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ii Agricultural Experimen
J. G. SMITH, SPECIAL AGENT IN C]
PRESS BULLETIN No. 10.
- T PINEAPPLE SCALE.'
By D. L. VAN DINE,
Entomologist, Hawaii Experiment Station, U. S. Dep't of
This pest of the pineapple is a scale-insect2 which, because
of its special fondness for this plant, has received the common
:_ name the "Pineapple Scale." The insect was first described
by Kerner in 1778, and besides attacking the pineapple, is
widely distributed on various plants in greenhouses. It has
been reported from the countries of northern Europe; from
Massachusetts, Washington, D. C., Ohio, California, and Flo-
rida in the United States; and from Mexico, Jamaica, Cape
Colony, and Natal. Prof. V. L. Kellogg of Stanford Univer-
S sity, to whom the.writer is indebted for the determination of
the insect, says: "Probably bromeliae (pineapple-scale) will
1Reprint from THE HAWAIIAN FORESTER AND AGRICULTURIST.
Vol. I. No. S. May, 1904. pp. 111-114.
'For a general discussion of scale-insects see Press Bulletin No. 8
of this Station.
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._ _. ^ _^ ._ ,
PL. I, THE PINEAPPLE SCALE
ii .. i
be found in time wherever the pineapple is grown." Other
food plants are ivy, canna, hibiscus, acacia, olea (olive), bill-
bergia, and certain varieties of greenhouse palms. The writer
took the first specimens of this scale from a pineapple planta-
tion at Wahiawa, Oahu, on October 26, 1903, and since then
has observed the pest in every plantation visited on this Island
and the Island of Hawaii. Although occurring generally
throughout the Islands, Mrs. M. E. Fernald does not record it
from Hawaii in her catalogue of Coccids,3 nor is it found in
Mr. Kirkaldy's recent work on Hemiptera in Fauna Hawaiiensis.
Mr. P. H. Rolfs4 says regarding the appearance of this insect
in Florida: It has been found repeatedly on plants imported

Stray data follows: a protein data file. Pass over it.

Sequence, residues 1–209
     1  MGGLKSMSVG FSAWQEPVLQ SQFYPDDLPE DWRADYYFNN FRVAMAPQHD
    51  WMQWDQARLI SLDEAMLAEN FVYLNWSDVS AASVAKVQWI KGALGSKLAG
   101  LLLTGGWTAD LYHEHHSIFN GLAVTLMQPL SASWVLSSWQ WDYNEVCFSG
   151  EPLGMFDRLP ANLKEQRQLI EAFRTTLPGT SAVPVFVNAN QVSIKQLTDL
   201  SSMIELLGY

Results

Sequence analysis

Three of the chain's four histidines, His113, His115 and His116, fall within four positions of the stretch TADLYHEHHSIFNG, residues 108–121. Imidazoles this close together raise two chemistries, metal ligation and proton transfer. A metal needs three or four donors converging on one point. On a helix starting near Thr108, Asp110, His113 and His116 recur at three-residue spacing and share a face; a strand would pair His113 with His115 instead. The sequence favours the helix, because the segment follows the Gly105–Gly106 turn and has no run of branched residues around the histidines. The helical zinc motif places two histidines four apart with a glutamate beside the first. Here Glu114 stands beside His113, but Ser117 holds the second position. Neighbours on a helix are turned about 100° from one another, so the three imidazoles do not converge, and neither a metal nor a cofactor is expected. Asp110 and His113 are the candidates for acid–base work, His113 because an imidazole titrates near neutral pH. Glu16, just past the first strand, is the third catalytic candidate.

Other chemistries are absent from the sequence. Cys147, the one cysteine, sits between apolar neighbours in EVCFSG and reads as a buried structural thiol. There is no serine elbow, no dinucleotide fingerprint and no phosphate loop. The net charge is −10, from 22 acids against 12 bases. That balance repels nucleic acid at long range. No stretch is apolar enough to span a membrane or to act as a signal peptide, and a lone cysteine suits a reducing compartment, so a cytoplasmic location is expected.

from Hawaii, and has been disseminated to many parts of Flo-
rida." Dr. L. Reh of Hamburg, Germany, also records5 the
pest as common in these Islands, having collected specimens
himself at the Government Nursery on Feb. 28, 1902.
Prof. F. V. Theobald, an English authority on economic
entomology, says: Pineapples are frequently damaged by a
scale insect, which now and then causes the fruit to rot *
This scale is the Pineapple Scale (Diaspis bromeliae, Kerner.)
The scale is thin, circular and pure white-the females yellow
or orange. Like most Diaspids, they burrow beneath the epi-
dermis of the plants and become almost entirely hidden. It
chiefly attacks the leaves, but now and then the fruit. It
should be destroyed as soon as the fruit is cut.""
Dr. Reh in describing the work of this scale states that it at-
taches itself to the plant on the base of the leaf, spreading from
there to the stem and eventually covering the entire plant,
which it kills. On the fruit it attacks principally the green,
3A Catalogue of the Coccidae of the World. Fernald, Bul. 88. Hatch
Experiment Station, 1903.
'Pineapple Growing. Rolfs. Farmers' Bulletin No. 140. U. S. De-
partment of Agriculture, 1901.
5Zeitschrift fuer Entomologie. Jan. 15, 1904, p. 30.
"First Report on Economic Zoology. Theobald. 1903. British Muse-
unripe portion. A symptom of an attack is rust colored spots
on the leaves. Dr. Reh says further that milk of lime was
used as an insecticide for this pest in Berlin and Russia.
These small, scale-like insects are very conspicuous, be-
cause of their color, and not easily mistaken for other forms.
The scale and not the insect itself is the object commonly
seen. The insect is found beneath this secretion, which serves
as a shield. In the case of this insect the scale or protective
armor is made up partly of a waxy secretion of the insect and
partly of molted skins. .The insect itself in the adult stage is
quite well buried beneath the epidermis of the plant and hence